The principle Thomas Moser has always adhered to is that his furniture should live at least as long as the tree it came from did. For the entirely American-sourced black cherry and walnut trees they use, that’s between 75 and 125 years. “I feel very strongly about that,” Moser said. “If you are a library and you buy a table and some reader chairs from us, ours won’t need to be replaced in a lifetime. That is what we call sustainability and that is what justifies the time and energy we put into making them.” And, as he points out, the cost. “Obviously our work is not inexpensive.”

But that doesn’t mean that the master furniture maker couldn’t find inspiration in something made from a distinctly unsustainable material. Say, a cheap plastic chair.

Thomas Moser, now 81, formally entered the furniture making business in 1972.

Thomas Moser, now 81, formally entered the furniture making business in 1972. Dennis Welsh Photo

Two summers ago, Moser and his wife, Mary, were eating in the dining room on the Nova Star, the now-defunct ferry that ran between Portland and Nova Scotia. Their chairs were uncommonly comfortable, so Moser took a closer look.

“It was a steel chair which was chrome-plated and had an artificial, plastic seat and back,” he said. “What intrigued me about it was that the back was concave and convex at the same time.”

Think, he said, of a Pringle potato chip. Then think about your back.

“Obviously, it is rounded all the way from your shoulder to your hips,” he said. “But also concave. On the one hand, you are round, and on the other, you are hollow.”

This compound curve was one he’d seen on a pair of earrings he’d bought for Mary 15 or so years ago, made by Maine designer Michael Good. Two weeks after the Nova Star trip, he spotted another plastic cafeteria chair at the Peabody Essex Museum in Massachusetts that was like the Nova Star’s “Pringle,” except made entirely of plastic. The concept seemed to be following him around, in that way that once you notice something, it keeps popping up.

Moser turned 81 this February but questions about form and function are as intriguing to him as ever. A mass-market plastic chair is built to last maybe five years, he thought. He had never seen a wooden chair shaped like this. “As far as I knew there has never been one made that way,” he said.

“I wasn’t sure it could be done,” he added. But maybe he’d give it a try, back in his workshop.

SEAMLESS DESIGN

Moser was calling from his home in Florida. He and his wife Mary live in Harpswell but head south in the winter to their old hunting lodge in LaBelle. It is surrounded by exotic trees and plants planted by the original owners, the globetrotting and acquisitive George and Rose Tyrell. When the Mosers began restoring their new property in 2004, the garden was overgrown, a veritable jungle of unusual species, 134 of them. Their renovations included adding a woodshop for Tom; even though his son David took over the main design reins from Tom about 10 years ago the father has never stopped designing and building.

The winter after that Nova Star trip, he had the wood equivalent of scratch paper around, courtesy of the Tyrells’ planting habits and a good wind that had knocked down a 115-foot tall Monkey Puzzle tree. He went to work on reproducing that Pringle-shaped curve with its wood.

It wasn’t until he asked an engineer back at Thos. Moser’s workshop in Auburn that he found out the technical term for the compound curve of the chairs on the ferry: anticlastic.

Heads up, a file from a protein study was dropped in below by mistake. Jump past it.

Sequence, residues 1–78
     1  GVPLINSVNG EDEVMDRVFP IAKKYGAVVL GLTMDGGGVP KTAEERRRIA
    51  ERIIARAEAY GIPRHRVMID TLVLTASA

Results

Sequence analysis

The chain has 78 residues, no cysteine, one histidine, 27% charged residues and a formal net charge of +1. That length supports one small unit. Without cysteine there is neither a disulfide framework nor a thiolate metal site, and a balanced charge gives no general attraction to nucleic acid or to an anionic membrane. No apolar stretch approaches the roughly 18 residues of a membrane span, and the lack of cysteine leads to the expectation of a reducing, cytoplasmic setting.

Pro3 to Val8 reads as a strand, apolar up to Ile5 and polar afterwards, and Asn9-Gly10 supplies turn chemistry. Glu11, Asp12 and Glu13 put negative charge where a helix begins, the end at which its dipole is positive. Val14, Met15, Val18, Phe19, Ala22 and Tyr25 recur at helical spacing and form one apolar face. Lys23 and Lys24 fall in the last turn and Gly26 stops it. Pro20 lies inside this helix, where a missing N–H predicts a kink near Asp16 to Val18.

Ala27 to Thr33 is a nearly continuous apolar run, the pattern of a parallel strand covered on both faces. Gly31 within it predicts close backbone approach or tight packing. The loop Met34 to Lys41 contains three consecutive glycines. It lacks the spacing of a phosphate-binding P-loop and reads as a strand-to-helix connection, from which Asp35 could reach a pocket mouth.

“I had no idea that was what the word was,” Moser said. “I remember when I was in school, one of the lessons I learned is that practice proceeds theory. In most things we do it and we do it again and again and later on we have a theoretical basis for what we have done. That is what happens to me.”

He tried out forms of the chair in varying heights, low, regular and then a high stool. On one of the mid-sized chairs, the back was connected to the seat by metal rods.

“That was another idea whose time has not come,” Moser said dryly. “You have to know that over the years, my ratio of success is about 1 in 15. Out of 15 attempts, 10 are total failures. Two are OK, two are pretty good and one is excellent. In other words, I miss more than what I hit.”

He had very specific aims in mind for this chair.

“I didn’t want any seams,” Moser said. “I wanted a monolithic shape.”

The riddle was in achieving that in wood. Moser likes to quote Louis Pasteur when he’s talking about the ways he works through problems, a sort of informed intuition. “Chance favors the prepared mind.”

Ian Trundy finishes the edges of a desk drawer. Thomas Moser believes his furniture should last as long as the tree it came from.

Ian Trundy finishes the edges of a desk drawer. Thomas Moser believes his furniture should last as long as the tree it came from.

PREPARING THE MIND

Moser formally entered the furniture making business in 1972, when he left a tenured job at Bates College teaching speech communication and linguistics to open a woodshop in New Gloucester. He was taking a big chance on a self-taught craft he’d discovered he loved more than teaching.

“As a college professor, you don’t really know if you are successful,” he said. “It was so satisfying to start on a Monday and have something that was actually done on Friday.”

And he’d had a toe in the waters since graduate school at the University of Michigan, when he and Mary made ends meet by fixing up pieces of antique furniture and then selling them.

“We always collected basket cases,” Moser said. “American-made furniture of one kind or another. I did the woodwork and she did the refinishing. And when we needed money we would sell them at the mart in Ann Arbor.”

He turned away from the phone to ask Mary what the name of it was. She’s been his partner all along, and he’s known her since she was 12 and he 15.

“The Treasure Mart! They kept 25 percent and we got 75 percent. I liked to say that I learned woodworking from dead people because a lot of the stuff had been made 150 years ago.”

He still has an affinity for that approach. “You could call it reverse engineering.”

It’s how he differs stylistically from his son David. “David sees things forward. I see things looking backward.”